Verification Analyst: Prior to the TSA’s Site Acceptance Testing (SATs)/Integrated Site Acceptance Testing (iSAT) of the checkpoint screening equipment, the airport authority, general contractor, or airline operator must ensure that the screening technology is ready to be transitioned over to the TSA. The Project Integrator will use TSA-provided testing procedures to confirm the system meets the specified requirements. Questions normally arise regarding the actual outcome of the tests versus the expected outcome of the tests. The Project Integrator is in the ideal position to answer these questions and to address any anomalies. Without having that expertise on-hand, the airport authority, general contractor, or airline operator may be required to purchase multiple, and costly, TSA-testing cycles, resulting in additional delays in obtaining TSA approval to deem the checkpoint operational for screening passengers.
As an airport authority, general contractor, or airline operator goes through a terminal redesign or modification project, there is often the tendency to undervalue the need for a Project Integrator who, most likely, is not a high priority on the ‘to-do’ list. This is short-sighted. Hiring a skilled Project Integrator is a relatively small financial investment when one considers the potential dividends. A Project Integrator is like a capable experienced quarterback who knows what it takes to make it to the “Big Show,” stays calm and cool while they oversee, coordinate, execute and successfully complete your most complex jobs. Every project has distinct elements and goals and presents unique challenges that demand constant attention. A Project Integrator understands the big picture, but also sweats the small details, is OEM agnostic, in order to work well with all parties, and has the knowledge and experience to drive your project to a successful, on-time completion. By investing in a Project Integrator, you are getting an extra set of eyes laser-focused on the process, results and, of course, your bottom line. It is an investment you won’t regret.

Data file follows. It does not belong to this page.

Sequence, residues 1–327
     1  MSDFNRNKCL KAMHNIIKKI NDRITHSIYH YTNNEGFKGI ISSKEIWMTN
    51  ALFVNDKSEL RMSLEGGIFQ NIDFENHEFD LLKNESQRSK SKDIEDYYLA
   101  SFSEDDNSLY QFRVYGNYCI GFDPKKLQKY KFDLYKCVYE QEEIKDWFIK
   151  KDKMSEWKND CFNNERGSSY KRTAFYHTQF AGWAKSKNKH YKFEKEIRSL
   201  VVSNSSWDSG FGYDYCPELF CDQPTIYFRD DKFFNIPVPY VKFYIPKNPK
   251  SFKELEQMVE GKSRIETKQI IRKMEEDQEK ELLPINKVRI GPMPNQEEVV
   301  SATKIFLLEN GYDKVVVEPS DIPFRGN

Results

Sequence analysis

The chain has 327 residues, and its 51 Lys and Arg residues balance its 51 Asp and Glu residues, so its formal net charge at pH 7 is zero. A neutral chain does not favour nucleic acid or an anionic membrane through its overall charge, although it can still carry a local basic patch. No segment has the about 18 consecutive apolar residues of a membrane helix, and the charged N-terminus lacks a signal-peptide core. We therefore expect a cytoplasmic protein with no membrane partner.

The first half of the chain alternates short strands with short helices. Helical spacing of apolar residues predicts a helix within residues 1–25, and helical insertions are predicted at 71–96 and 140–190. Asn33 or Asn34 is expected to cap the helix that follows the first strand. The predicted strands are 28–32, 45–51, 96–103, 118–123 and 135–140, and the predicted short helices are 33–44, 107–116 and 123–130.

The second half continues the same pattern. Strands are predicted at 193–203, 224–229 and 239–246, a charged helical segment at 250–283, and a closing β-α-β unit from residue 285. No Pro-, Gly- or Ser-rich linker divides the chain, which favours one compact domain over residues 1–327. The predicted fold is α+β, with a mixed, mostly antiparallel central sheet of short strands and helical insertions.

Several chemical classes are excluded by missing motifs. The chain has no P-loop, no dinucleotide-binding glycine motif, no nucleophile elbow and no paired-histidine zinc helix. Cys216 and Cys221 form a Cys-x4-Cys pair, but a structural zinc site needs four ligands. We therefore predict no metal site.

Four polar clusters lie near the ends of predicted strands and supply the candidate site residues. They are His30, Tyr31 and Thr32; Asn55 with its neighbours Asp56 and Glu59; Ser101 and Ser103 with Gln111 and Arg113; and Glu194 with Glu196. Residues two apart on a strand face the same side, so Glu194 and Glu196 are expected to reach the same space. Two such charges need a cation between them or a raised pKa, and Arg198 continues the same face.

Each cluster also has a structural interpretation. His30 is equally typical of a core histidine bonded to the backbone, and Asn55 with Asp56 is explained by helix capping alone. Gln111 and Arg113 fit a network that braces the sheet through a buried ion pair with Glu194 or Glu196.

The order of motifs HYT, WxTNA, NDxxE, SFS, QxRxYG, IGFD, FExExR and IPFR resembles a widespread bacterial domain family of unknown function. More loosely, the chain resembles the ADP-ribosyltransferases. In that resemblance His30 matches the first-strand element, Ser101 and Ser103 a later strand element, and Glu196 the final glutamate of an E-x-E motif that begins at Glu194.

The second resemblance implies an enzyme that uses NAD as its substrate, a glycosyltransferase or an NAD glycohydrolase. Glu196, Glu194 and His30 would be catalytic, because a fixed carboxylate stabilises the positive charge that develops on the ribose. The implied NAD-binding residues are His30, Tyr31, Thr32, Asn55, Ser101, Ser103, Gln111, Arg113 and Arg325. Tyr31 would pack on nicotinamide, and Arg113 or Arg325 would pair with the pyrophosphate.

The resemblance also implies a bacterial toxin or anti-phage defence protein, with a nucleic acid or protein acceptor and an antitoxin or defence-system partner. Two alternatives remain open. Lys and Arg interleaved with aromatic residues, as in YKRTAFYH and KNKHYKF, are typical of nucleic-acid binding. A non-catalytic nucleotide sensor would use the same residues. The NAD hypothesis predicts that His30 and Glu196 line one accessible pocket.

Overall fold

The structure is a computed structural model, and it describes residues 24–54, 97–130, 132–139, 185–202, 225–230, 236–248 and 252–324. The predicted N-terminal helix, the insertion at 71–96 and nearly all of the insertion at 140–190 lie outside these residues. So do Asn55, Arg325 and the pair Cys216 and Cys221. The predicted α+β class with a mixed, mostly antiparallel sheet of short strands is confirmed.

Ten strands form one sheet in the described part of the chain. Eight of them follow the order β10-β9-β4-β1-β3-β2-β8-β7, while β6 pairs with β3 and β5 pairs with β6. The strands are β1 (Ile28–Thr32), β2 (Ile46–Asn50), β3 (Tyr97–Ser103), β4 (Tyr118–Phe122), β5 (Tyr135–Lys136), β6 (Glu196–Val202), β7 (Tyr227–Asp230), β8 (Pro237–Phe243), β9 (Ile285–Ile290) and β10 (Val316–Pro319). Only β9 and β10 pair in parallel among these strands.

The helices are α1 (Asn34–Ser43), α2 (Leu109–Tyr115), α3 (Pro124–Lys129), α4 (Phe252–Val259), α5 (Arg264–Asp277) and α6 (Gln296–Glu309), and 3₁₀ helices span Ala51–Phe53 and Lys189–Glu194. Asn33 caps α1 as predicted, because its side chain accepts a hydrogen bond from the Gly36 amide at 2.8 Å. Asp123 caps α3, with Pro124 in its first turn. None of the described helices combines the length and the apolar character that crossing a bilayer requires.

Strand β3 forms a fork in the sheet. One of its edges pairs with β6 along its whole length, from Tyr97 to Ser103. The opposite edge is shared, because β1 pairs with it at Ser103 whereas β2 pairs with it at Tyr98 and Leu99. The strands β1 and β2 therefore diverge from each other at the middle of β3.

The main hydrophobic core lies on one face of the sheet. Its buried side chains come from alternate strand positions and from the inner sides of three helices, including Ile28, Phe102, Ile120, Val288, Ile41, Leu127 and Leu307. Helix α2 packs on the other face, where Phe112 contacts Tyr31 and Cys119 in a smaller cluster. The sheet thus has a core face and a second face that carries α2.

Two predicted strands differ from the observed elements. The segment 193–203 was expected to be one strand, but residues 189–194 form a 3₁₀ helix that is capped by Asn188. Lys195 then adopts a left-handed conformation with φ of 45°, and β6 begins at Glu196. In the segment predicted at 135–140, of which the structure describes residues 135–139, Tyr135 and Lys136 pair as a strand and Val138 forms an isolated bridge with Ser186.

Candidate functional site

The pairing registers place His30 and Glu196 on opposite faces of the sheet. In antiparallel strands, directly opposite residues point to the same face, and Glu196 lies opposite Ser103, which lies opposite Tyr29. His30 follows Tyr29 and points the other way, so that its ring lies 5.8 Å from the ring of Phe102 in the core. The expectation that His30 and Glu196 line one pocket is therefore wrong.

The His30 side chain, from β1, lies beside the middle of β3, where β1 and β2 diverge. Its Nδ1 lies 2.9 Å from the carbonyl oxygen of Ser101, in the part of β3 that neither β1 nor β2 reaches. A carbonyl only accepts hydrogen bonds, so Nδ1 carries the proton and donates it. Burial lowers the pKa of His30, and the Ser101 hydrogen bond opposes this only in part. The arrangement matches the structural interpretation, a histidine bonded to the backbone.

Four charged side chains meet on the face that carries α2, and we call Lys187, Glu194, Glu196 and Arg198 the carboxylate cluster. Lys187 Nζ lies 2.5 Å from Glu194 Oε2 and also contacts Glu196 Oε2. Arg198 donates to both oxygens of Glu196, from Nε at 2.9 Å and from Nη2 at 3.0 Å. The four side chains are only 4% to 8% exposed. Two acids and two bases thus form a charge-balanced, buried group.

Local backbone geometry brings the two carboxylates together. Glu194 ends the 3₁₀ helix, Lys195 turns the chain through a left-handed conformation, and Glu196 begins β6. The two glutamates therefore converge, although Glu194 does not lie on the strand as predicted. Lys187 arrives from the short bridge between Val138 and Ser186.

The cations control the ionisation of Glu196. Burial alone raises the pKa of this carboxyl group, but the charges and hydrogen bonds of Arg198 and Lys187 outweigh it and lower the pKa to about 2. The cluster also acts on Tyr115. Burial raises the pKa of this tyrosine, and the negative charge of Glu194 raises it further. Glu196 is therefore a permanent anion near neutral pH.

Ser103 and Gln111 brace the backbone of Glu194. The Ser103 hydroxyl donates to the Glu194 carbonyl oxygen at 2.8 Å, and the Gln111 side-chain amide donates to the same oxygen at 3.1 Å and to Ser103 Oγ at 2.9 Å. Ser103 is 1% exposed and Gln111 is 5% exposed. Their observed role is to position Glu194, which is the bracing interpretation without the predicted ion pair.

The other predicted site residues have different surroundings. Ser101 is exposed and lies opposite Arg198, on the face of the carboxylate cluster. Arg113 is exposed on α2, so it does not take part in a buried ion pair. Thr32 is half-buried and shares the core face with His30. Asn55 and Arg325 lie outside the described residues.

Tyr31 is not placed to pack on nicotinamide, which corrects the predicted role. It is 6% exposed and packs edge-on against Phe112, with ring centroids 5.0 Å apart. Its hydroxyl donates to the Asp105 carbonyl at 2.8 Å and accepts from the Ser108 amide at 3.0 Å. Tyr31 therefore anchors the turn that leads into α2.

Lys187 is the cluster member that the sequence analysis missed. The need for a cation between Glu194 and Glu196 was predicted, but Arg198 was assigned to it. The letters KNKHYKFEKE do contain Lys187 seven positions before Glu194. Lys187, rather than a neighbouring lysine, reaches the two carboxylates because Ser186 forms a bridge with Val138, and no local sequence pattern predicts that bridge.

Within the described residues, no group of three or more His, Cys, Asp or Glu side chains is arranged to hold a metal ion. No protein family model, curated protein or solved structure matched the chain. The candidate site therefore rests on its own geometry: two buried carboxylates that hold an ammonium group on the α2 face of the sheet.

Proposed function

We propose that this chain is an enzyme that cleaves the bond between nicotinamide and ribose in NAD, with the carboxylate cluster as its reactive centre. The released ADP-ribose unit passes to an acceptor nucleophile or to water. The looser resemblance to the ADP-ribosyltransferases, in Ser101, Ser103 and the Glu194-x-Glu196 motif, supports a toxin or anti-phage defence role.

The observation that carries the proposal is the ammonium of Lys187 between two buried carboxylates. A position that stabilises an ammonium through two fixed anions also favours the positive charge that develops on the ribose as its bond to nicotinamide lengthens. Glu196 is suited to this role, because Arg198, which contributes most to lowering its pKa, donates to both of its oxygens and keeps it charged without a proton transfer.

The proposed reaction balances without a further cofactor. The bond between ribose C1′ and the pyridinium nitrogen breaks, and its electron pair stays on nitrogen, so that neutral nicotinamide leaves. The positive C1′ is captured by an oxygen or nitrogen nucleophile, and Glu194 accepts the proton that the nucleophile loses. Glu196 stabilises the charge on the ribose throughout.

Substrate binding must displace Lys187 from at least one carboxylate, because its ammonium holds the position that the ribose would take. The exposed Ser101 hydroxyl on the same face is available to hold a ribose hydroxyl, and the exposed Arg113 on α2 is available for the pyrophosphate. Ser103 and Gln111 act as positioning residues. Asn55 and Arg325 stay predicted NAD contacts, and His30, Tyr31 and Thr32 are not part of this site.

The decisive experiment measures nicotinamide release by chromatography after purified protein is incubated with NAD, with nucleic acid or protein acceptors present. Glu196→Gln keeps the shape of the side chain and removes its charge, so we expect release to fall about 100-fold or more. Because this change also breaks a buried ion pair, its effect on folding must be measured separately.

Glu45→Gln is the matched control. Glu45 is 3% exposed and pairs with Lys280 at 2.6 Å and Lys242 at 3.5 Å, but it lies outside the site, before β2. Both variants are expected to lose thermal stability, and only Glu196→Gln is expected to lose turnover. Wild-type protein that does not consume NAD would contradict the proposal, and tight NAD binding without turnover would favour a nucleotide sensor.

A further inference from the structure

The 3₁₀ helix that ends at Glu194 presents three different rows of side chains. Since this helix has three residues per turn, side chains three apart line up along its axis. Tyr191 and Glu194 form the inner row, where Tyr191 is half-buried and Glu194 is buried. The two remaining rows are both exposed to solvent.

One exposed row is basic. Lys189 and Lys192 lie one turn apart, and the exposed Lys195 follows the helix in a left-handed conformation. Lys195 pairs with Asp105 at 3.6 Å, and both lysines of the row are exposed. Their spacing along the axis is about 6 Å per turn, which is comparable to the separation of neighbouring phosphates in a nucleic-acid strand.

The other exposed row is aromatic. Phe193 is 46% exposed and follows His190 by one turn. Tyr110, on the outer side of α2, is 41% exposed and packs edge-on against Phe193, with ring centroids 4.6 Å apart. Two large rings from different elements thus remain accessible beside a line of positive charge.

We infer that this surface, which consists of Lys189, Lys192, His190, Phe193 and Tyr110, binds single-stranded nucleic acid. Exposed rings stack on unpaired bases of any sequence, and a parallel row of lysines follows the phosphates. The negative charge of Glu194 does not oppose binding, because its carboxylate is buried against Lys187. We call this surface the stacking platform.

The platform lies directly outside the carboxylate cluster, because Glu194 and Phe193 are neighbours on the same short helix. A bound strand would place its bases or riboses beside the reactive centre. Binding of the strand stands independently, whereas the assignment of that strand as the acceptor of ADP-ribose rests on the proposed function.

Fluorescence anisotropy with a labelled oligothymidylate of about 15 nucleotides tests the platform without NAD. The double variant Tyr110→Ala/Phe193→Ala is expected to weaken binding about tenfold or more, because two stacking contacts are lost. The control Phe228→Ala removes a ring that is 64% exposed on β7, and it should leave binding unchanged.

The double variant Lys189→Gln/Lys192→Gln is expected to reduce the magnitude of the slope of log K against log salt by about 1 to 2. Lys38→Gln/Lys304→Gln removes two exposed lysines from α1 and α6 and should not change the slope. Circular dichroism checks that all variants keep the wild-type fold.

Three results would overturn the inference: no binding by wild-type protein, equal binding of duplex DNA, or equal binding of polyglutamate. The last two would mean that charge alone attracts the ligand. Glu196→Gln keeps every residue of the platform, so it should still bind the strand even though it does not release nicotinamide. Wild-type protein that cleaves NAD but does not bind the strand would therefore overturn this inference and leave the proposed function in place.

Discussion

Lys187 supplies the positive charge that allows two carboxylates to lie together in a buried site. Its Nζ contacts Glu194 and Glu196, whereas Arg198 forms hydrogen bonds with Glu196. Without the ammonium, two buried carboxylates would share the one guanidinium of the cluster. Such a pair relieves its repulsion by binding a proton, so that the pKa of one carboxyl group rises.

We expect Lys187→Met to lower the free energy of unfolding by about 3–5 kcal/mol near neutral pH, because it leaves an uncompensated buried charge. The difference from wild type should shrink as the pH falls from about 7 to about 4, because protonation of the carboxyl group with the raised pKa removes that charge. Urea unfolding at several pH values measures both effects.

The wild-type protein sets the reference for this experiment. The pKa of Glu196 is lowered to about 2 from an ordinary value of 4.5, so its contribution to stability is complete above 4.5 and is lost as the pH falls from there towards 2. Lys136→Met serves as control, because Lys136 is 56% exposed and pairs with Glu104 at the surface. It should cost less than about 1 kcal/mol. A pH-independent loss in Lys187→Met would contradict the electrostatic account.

K2 Construction Consultants, Inc. Security Screening Group is an industry leader in implementing critical infrastructure security capabilities at airports, and other large and small transportation facilities around the world. We design, plan, manage, and install screening technology solutions for passengers and customers, screening and scanning technology solutions for baggage and cargo, and surveillance and monitoring technology solutions for access control. Focused on providing holistic solutions, our security experts and systems integrators serve as trusted partners to our customers, providing innovative and implementable solutions to the most complex security-related construction and modernization projects. We offer the Transportation Security Administration (TSA), airlines, airport authorities and airport operators a comprehensive service offering, by teaming with top-flight partners across the aviation industry spectrum. Those partners include general contractors and construction companies, original equipment manufacturers, logistics experts, and transportation specialists.
For more information, please contact K2 Construction Consultants, Inc. Security Screening Group at email@example.com or 301-656-2228.